Geography :

Cambodia has an area of 181,035 square kilometres (69,898 square miles) and lies entirely within the tropics, between latitudes 10° and 15°N, and longitudes 102° and 108°E. It borders Thailand to the north and west, Laos to the northeast, and Vietnam to the east and southeast. It has a 443-kilometre (275-mile) coastline along the Gulf of Thailand. Cambodia's landscape is characterised by a low-lying central plain that is surrounded by uplands and low mountains and includes the Tonle Sap (Great Lake) and the upper reaches of the Mekong River delta. Extending outward from this central region are transitional plains, thinly forested and rising to elevations of about 650 feet (200 metres) above sea level. To the north the Cambodian plain abuts a sandstone escarpment, which forms a southward-facing cliff stretching more than 200 miles (320 kilometres) from west to east and rising abruptly above the plain to heights of 600 to 1,800 feet (180–550 metres). This cliff marks the southern limit of the Dângrêk Mountains. Flowing south through the country's eastern regions is the Mekong River. East of the Mekong the transitional plains gradually merge with the eastern highlands, a region of forested mountains and high plateaus that extend into Laos and Vietnam. In southwestern Cambodia two distinct upland blocks, the Krâvanh Mountains and the Dâmrei Mountains, form another highland region that covers much of the land area between the Tonle Sap and the Gulf of Thailand. In this remote and largely uninhabited area, Phnom Aural, Cambodia's highest peak rises to an elevation of 5,949 feet (1,813 metres). The southern coastal region adjoining the Gulf of Thailand is a narrow lowland strip, heavily wooded and sparsely populated, which is isolated from the central plain by the southwestern highlands. The most distinctive geographical feature is the inundations of the Tonle Sap, measuring about 2,590 square kilometres (1,000 square miles) during the dry season and expanding to about 24,605 square kilometres (9,500 square miles) during the rainy season. This densely populated plain, which is devoted to wet rice cultivation, is the heartland of Cambodia. Much of this area has been designated as a biosphere reserve.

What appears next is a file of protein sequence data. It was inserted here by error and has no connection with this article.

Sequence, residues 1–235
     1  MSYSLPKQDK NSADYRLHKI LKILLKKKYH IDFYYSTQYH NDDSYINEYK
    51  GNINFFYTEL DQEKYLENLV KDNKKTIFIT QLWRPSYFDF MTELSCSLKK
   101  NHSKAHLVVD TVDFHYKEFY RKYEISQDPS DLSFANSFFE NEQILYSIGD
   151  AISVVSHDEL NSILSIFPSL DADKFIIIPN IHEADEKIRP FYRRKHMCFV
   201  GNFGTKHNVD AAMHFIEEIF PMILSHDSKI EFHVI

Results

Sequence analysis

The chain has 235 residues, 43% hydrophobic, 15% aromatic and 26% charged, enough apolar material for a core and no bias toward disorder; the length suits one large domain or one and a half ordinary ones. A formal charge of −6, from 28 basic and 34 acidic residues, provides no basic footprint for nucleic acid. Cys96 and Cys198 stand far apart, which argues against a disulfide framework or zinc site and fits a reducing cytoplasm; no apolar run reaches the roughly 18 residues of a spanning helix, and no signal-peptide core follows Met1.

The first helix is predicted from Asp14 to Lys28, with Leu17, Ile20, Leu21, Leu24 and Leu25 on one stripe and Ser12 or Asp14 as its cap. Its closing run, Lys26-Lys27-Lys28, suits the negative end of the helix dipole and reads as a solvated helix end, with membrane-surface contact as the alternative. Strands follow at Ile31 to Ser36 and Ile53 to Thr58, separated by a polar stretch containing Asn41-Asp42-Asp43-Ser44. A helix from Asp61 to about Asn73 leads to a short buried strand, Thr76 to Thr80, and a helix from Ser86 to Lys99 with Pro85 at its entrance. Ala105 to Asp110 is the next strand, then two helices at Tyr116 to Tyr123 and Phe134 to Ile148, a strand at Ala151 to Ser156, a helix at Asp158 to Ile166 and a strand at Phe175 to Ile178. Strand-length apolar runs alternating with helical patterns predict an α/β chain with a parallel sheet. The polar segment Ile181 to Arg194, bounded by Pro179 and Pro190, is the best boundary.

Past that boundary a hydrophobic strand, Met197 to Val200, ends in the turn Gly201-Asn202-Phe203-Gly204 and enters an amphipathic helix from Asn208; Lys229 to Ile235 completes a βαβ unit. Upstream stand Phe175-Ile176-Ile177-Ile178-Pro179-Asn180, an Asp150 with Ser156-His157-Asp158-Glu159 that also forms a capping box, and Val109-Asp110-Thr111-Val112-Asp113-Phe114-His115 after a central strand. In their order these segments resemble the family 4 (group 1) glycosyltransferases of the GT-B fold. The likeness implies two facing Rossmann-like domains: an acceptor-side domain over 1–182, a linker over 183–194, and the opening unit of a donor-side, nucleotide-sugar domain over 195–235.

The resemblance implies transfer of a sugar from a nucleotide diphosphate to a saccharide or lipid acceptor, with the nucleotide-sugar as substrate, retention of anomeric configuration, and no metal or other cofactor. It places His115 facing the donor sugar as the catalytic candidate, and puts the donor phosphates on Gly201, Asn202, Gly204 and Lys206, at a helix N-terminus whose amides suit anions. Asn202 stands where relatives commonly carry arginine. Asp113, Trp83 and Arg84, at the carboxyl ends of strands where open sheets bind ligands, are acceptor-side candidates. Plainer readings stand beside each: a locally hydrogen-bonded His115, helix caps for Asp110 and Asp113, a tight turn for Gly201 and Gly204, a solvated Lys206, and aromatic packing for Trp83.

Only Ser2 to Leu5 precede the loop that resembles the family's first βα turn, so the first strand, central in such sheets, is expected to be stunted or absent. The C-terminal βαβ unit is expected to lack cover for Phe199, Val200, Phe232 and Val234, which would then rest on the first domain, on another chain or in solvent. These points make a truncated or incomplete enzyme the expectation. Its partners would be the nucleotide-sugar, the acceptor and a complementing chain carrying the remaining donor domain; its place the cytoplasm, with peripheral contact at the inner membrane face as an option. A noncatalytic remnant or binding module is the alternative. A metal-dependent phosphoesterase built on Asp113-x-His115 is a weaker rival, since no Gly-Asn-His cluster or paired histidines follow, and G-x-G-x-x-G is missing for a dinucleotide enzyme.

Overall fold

Climate :

Cambodia's climate, like that of the rest of Southeast Asia, is dominated by monsoons, which are known as tropical wet and dry because of the distinctly marked seasonal differences. Cambodia has a temperature range from 21 to 35 °C (70 to 95 °F) and experiences tropical monsoons. Southwest monsoons blow inland bringing moisture-laden winds from the Gulf of Thailand and Indian Ocean from May to October. The northeast monsoon ushers in the dry season, which lasts from November to April. The country experiences the heaviest precipitation from September to October with the driest period occurring from January to February. According to the International Development Research Center and The United Nations, Cambodia is considered Southeast Asia's most vulnerable country to the effects of climate change, alongside the Philippines. Rural coastal populations are particularly at risk. Shortages of clean water, extreme flooding, mudslides, higher sea levels and potentially destructive storms are of particular concern, according to the Cambodia Climate Change Alliance. Cambodia has two distinct seasons. The rainy season, which runs from May to October, can see temperatures drop to 22 °C (72 °F) and is generally accompanied with high humidity. The dry season lasts from November to April when temperatures can rise up to 40 °C (104 °F) around April. Disastrous flooding occurred in 2001 and again in 2002, with some degree of flooding almost every year.